Plaintiff Yvette D. has brought a DoorDash class action lawsuit on behalf of herself and other consumers regarding the company’s practice of charging for and paying out tips to the delivery drivers who work there.
Over 4,000 cities across the U.S. have DoorDash, which allows a consumer to make an order for food delivery directly from their phone. The drivers for DoorDash, who are classified as independent contractors, then bring these deliveries to the front door of the consumer who ordered the food.
As alleged in the DoorDash class action lawsuit, however, consumers using the app or company website were not properly informed about how tips were being paid to the drivers, who are referred to by the company as “Dashers.”
The lawsuit argues that the company engaged in fraudulent and unlawful practices of misrepresentation with regard to the tipping options given to consumers each time they make an order.
As explained in the DoorDash class action lawsuit, up until September 2019, drivers were not able to receive the tips paid by customers. The lawsuit argues that the company was taking these additional payments and pocketing them for base delivery pay rather than passing on the tip to the driver. The lead plaintiff says that she and other consumers had no reason to believe that the tips were being taken by the company.
The lawsuit states that in carrying out this practice until the policy was changed in September that the company is responsible for violating the Unfair Competition Law and the California Consumers Legal Remedies Act. Furthermore, the company is accused of false advertising.
As argued by the plaintiff, the company paid out the same tip level to the Dasher regardless of how much the consumer tipped. The company then reduced their own financial obligation to the driver based on the monies paid in by the customer as a tip.
Since the company was also charging a delivery fee, the plaintiff argues that DoorDash misled consumers about the practice of tipping by not disclosing that the additional funds were not passed on to the driver.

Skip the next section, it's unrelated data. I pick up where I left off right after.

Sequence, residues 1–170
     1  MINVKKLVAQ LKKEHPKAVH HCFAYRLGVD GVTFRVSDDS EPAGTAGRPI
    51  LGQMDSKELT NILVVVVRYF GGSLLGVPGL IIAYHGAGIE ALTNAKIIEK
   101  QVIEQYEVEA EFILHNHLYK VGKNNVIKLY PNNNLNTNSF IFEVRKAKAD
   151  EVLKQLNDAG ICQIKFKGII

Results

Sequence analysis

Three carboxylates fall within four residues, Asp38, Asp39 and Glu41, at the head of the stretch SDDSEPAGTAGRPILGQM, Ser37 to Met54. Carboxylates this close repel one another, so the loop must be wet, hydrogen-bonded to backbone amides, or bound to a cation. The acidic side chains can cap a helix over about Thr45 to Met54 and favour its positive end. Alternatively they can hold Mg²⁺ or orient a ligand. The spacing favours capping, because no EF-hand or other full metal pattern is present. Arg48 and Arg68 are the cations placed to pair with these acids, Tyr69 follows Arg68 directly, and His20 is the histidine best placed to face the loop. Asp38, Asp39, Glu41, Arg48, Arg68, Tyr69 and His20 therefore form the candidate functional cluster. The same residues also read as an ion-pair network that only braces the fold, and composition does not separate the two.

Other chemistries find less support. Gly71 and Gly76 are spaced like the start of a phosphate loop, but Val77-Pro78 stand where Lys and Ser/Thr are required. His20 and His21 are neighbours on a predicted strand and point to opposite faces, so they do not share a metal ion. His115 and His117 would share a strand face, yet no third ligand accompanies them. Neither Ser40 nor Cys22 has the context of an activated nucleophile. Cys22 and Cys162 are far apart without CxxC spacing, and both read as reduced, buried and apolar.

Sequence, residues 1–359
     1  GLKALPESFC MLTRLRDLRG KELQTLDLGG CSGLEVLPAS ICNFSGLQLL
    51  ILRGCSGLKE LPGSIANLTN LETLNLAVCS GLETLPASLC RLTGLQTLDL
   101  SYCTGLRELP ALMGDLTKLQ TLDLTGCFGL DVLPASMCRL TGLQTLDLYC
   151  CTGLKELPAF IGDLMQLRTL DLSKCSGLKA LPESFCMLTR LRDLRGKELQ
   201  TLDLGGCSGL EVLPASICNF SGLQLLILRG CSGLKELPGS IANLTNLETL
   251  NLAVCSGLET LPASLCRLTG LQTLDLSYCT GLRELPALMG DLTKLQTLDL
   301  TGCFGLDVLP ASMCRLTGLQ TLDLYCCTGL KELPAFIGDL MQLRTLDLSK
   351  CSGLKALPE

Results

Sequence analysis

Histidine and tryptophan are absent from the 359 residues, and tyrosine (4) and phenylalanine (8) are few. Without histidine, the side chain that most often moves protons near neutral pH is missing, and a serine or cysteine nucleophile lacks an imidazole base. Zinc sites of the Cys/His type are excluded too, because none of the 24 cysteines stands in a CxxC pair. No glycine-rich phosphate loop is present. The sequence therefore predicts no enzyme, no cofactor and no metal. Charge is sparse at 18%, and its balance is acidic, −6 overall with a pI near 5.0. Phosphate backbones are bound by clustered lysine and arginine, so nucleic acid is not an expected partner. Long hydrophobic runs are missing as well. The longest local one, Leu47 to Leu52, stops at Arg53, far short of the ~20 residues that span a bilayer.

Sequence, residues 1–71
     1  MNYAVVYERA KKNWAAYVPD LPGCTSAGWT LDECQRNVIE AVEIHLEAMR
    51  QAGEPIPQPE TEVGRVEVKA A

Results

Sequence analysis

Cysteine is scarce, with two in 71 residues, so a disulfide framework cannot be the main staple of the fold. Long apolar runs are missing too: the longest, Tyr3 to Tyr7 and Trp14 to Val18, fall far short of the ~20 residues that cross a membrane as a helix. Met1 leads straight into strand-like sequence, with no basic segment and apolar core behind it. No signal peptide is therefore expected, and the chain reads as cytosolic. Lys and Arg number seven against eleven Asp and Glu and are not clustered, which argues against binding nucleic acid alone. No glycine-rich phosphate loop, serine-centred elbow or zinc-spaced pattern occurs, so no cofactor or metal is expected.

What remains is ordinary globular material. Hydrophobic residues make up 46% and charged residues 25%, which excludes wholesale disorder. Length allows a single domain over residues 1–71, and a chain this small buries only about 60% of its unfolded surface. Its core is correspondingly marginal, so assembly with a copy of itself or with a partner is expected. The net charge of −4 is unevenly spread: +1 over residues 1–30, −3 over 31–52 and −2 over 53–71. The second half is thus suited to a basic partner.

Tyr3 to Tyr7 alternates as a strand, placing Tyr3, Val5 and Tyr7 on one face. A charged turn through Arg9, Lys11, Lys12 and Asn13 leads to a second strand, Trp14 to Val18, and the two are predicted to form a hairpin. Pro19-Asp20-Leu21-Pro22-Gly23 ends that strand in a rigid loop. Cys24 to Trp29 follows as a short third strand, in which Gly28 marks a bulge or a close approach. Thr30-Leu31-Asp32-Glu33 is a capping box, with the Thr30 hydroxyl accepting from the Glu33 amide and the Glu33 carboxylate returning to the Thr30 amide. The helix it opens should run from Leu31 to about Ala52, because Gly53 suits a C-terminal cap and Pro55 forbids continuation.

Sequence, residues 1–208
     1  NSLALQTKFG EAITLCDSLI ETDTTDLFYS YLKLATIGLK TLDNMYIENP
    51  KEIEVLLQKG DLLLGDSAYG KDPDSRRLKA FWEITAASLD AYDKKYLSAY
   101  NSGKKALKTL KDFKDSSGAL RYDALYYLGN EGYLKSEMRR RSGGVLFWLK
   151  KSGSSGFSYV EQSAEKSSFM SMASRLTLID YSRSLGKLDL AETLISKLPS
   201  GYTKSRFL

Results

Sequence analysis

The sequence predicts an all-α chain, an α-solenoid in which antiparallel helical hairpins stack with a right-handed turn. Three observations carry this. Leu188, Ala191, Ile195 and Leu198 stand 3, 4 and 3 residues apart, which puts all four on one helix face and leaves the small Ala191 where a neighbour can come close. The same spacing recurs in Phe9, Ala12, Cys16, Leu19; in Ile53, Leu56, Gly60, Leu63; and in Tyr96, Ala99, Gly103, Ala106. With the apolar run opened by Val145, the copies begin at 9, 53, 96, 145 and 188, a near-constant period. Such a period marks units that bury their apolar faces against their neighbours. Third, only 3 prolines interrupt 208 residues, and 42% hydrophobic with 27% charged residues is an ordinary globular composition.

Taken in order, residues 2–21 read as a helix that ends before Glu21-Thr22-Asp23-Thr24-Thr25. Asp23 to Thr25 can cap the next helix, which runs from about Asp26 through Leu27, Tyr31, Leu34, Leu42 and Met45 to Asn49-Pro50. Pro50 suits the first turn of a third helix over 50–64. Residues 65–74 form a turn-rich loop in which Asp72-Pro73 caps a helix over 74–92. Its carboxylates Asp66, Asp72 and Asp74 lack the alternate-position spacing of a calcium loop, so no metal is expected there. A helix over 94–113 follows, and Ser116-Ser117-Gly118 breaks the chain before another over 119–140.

Stories in both the Washington Post and New York Times have covered claims from actual “dashers” who said that a guaranteed minimum payment is offered to drivers for each individual job. The reporter who took up this independent contractor gig says that even when a customer left him a $3 tip that he only received the guaranteed minimum payout promised to him before he even took the delivery.
In the later Washington Post article in July 2019, the company stated their intention to update their internal policies and payment model.
According to the class action lawsuit, however, the company’s website always maintained that Dashers received 100% of the tips that consumers left for them. The plaintiff claims that she and other buyers were misled to pay more for their food delivery orders than they otherwise would have paid because of the belief that the tips were going to the person making the food delivery.
The DoorDash Class Action Lawsuit is Case No. 3:19-cv-08305 in the U.S. District Court for the Northern District of California San Francisco division.
Join a Free DoorDash User Tip Class Action Lawsuit Investigation
If you left a tip for your DoorDash driver between Sept. 22, 2017 and Sept. 18, 2019, you may be eligible to join a FREE DoorDash user tip class action lawsuit investigation.
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